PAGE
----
Fight back: do we need a new definition for ‘cisgender’?

Jonas Weaver

I'm eighteen, Christian, and it just so happens that I'm gay. I love writing. I tend to be opinionated about theology/religion and its interaction with the world we live in. I'm slightly grumpy and blunt. Otherwise, I’m a pretty dull person.

The inspiration for this post is twofold.

On the one hand there’s this article by Marc Barnes which posits that there exists ‘a possible match’ when it comes to gender. That those who identify as cisgender exhibit an ideal fulfilment of harmony between their sex and gender. But I don’t think Marc Barnes has ever encountered a punk diva.

Laura Jane Grace

The second reason for writing is this interview with Laura Jane Grace, lead singer of the band Against Me!, in which she states, ‘Kids would call me faggot and beat me up. I liked that punk was about fighting back, as opposed to just taking it.’

Punk has always meant something special to me, at least. It’s been about pushing against walls, burning down buildings, and discomfort. More importantly, punk has always been a safe haven for LGBT kids, especially genderqueer or trans kids. Punk is for the freaks of society not for normal people. Punk is an ideal expression of everything Marc Barnes fails to understand.

Together, these two things got me thinking. Do we have to re-evaluate the definition of cisgender? Is it worth rehashing and reclaiming? Bear with me as I try to explain my reasoning.

The definition of cisgender generally goes something like this: identification via felt experience (emotional/physical/spiritual) of your assigned sex/gender such that the two – felt and assigned – align with little disruption.

Seems fair. But Marc Barnes is right, I think, when he unpicks this definition a little more:

‘[If cisgender identity] alone is that type of gender identity described as a match, an identity essentially described as a harmony, then its existence is an implicit claim that all others are a disharmony, a mismatch.’

The notion that there is a match, an alignment, also assumes a preference (an arguable claim itself) for harmony. And if cisgender is harmonious then obviously there is a problem if one is not cis. Put bluntly, Barnes argues that those who identify as trans, by the very definitions of the words, assume a disharmonious identity.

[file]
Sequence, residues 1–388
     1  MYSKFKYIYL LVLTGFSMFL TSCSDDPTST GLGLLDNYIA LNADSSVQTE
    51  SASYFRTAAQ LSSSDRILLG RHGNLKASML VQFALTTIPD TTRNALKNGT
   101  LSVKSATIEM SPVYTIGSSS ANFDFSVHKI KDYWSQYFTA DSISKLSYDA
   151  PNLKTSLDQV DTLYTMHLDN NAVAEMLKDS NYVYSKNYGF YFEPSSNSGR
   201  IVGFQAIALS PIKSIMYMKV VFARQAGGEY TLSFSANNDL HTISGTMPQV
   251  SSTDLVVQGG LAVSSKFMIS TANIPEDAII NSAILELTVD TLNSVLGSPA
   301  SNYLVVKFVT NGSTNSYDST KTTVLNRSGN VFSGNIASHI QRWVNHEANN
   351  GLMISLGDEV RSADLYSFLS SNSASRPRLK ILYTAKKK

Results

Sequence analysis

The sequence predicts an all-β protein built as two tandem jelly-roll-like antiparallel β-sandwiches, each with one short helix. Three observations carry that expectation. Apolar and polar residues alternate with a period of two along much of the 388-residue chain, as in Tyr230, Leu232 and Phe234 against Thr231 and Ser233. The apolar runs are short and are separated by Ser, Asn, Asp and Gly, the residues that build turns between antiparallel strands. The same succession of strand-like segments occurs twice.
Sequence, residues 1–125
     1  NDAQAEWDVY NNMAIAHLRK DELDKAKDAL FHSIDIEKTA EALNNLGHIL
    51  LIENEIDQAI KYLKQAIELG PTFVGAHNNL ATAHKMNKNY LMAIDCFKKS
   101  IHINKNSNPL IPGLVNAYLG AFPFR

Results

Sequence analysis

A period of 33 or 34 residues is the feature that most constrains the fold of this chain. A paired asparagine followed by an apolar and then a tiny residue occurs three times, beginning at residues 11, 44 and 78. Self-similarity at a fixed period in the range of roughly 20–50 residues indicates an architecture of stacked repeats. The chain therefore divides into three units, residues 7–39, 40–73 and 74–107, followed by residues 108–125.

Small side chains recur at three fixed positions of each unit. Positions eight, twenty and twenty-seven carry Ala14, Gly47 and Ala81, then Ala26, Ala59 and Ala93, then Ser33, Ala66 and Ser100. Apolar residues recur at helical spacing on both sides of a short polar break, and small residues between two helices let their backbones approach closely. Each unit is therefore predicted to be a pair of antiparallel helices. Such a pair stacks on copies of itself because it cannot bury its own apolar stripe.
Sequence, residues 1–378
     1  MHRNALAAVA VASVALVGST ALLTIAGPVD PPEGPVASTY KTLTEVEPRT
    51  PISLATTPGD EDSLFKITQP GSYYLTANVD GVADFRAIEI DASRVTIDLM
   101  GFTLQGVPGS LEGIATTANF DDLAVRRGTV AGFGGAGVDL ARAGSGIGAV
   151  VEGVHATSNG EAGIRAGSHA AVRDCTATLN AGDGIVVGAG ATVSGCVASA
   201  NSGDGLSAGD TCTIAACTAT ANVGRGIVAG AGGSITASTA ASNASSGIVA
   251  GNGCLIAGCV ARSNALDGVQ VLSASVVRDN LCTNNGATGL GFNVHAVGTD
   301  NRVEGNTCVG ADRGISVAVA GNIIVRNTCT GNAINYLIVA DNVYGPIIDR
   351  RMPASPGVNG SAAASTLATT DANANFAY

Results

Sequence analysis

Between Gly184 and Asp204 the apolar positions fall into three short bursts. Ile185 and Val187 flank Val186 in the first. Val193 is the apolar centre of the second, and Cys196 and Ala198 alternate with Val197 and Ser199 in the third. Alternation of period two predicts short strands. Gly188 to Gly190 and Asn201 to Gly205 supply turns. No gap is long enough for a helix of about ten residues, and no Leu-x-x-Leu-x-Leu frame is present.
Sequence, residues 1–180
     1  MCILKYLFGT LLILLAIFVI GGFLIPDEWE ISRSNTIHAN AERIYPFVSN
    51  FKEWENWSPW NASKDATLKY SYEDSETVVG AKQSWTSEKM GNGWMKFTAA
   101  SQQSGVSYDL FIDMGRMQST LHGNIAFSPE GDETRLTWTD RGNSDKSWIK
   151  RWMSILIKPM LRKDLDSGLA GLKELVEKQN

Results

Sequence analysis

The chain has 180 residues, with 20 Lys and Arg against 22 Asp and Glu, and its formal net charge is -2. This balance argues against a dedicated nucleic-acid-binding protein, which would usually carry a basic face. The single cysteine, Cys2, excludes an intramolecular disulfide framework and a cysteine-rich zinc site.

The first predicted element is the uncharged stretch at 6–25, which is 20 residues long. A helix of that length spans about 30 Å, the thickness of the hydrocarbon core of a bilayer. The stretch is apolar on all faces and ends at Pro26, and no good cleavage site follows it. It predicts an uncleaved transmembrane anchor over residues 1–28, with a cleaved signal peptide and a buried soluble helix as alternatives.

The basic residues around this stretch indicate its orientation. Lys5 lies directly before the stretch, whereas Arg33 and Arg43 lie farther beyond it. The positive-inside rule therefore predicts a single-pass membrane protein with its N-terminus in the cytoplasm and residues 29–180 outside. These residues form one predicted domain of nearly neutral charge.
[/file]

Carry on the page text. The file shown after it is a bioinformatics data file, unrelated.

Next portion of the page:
But there’s more to the diagnosis than Barnes lets on. In fact, he misses a major point, a point which punk makes abundantly clear.

The system is the problem. And, too often, it seems, we say things like ‘cis’, assuming that everyone knows already that the system of sex/gender assignment is a crock of lies. But do people really appreciate the power of the system? I’m skeptical. Sceptical enough to present a modified definition of cisgender.

Cisgender: when experienced sex/gender aligns with the gender/sex assigned to a person by society.

I think this definition, at least tentatively, provides a better understanding of gender identity and assigned sex/gender. It removes the possibility of Barnes making the claim that cisgender has killed gender theory by its own definition. It takes on, quite clearly, the social nature of sex/gender. And by acknowledging the social nature of sex/gender assignment clarifies that it is extremely arbitrary. Finally, it fights back a la punk’s very nature.

So, fight back, reclaim words, screw the system over. Or under, whichever works best.

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